Figure 3: Use Cases
In the context of the proposed multi-layer monitoring solution we establish an EA tool enhanced with a Configuration Management Database (CMDB). The tool integrates a metamodel manager that applies an EA model as the design-time model that defines visual representations of all monitored components like business capabilities, business processes, software systems, hardware elements and their relations. The metainformation of the components, their relations and monitoring specific information like the path to log files are stored in the CMDB.


Figure 2: Multi-level Monitoring

Monitor the Infrastructure Layer
The infrastructure layer of the platform is monitored by deploying agents on the servers extracting status information about traffic, bandwith, CPU utilization, etc. Open source solutions like Nagios or Sensu fit for this purpose. However, these solutions do not provide information about what specific user transaction is accountable for a huge resource utilization or which application causes abnormal behavior. One approach to address this challenge is to leverage the linked information in the EA tool in order to correlate hardware metrics to running transactions by using the written timestamps as a connection key. In addition, log events written by the infrastructure and the application layer can uncover further important information about the behavior of these systems. Fur this purpose, we deploy the ELK stack for processing and indexing the log files. The information which IT component creates the log events and what user transaction is currently in process can be retrieved from the EA tool, passed to the Logstash pipeline and stored in Elasticsearch.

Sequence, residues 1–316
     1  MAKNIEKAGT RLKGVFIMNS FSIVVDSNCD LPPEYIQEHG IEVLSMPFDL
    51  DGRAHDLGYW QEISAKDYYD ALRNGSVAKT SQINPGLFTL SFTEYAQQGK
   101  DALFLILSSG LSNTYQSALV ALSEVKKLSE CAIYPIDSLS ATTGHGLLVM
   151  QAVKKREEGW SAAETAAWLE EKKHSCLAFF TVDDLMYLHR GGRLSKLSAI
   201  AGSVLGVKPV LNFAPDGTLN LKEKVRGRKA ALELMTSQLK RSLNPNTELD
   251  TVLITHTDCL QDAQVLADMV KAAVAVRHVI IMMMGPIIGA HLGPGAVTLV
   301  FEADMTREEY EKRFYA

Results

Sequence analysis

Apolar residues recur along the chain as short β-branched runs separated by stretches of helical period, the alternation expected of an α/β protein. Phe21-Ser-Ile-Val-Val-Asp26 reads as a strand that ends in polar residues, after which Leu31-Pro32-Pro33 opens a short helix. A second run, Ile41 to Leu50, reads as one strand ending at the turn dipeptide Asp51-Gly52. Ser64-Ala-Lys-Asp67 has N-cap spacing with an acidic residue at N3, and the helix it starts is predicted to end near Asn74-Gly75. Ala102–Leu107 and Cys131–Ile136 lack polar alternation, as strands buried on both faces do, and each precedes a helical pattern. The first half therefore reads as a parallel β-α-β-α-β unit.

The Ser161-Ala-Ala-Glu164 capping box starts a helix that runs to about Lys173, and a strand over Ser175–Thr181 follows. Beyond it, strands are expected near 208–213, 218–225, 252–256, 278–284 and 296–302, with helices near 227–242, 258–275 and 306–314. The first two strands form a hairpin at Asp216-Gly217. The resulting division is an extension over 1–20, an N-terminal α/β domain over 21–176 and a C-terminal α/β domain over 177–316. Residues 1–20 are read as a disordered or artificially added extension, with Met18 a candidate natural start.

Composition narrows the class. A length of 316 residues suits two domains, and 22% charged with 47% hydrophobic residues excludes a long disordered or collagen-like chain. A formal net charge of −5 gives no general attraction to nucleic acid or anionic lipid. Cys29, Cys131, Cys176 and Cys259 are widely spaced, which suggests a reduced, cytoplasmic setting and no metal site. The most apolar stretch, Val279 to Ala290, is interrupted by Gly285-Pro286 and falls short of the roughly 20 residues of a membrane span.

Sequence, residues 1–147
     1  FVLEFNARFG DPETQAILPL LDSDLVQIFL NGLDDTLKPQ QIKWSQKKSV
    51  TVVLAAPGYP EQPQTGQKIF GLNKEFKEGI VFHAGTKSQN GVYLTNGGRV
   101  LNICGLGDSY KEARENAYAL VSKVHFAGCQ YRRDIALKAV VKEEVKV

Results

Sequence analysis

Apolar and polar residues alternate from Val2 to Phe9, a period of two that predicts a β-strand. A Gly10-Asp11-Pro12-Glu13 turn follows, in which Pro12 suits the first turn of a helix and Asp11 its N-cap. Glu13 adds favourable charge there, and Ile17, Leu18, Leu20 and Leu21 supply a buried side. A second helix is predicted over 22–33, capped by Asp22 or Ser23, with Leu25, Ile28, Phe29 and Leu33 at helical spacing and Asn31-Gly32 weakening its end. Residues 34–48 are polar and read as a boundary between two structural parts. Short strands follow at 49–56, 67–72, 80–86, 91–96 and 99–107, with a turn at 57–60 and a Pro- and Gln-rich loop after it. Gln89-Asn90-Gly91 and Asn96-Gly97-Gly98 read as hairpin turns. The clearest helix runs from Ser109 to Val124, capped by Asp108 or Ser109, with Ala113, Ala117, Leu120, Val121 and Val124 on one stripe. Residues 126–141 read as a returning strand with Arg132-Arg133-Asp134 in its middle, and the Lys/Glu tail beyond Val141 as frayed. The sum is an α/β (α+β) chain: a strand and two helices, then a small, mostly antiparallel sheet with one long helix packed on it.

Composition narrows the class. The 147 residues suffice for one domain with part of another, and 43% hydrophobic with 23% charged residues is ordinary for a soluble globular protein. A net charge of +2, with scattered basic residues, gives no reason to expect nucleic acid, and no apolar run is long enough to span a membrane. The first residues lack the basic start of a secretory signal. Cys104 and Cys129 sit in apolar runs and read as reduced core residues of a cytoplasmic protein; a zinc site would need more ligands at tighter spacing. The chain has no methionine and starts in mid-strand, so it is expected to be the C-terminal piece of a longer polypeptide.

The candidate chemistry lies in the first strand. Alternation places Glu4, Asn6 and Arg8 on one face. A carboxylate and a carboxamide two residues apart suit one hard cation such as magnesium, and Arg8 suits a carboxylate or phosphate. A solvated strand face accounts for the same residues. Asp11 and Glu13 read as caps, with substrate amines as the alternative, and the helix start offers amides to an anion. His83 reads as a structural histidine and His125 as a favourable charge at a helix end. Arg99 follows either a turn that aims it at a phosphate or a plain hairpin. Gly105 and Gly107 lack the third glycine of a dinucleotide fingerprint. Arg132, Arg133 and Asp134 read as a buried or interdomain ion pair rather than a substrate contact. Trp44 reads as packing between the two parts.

Monitor the Application Layer
The platform consist of microservices which provide a bulk of different backend and mobility services. These applications are constructed from collection of software modules that were developed by different teams, in different programming languages. A huge challenge for monitoring this configuration is to identify how and to what extent the microservices are communicating with each other in order to understand system behavior and reasons about performance issues.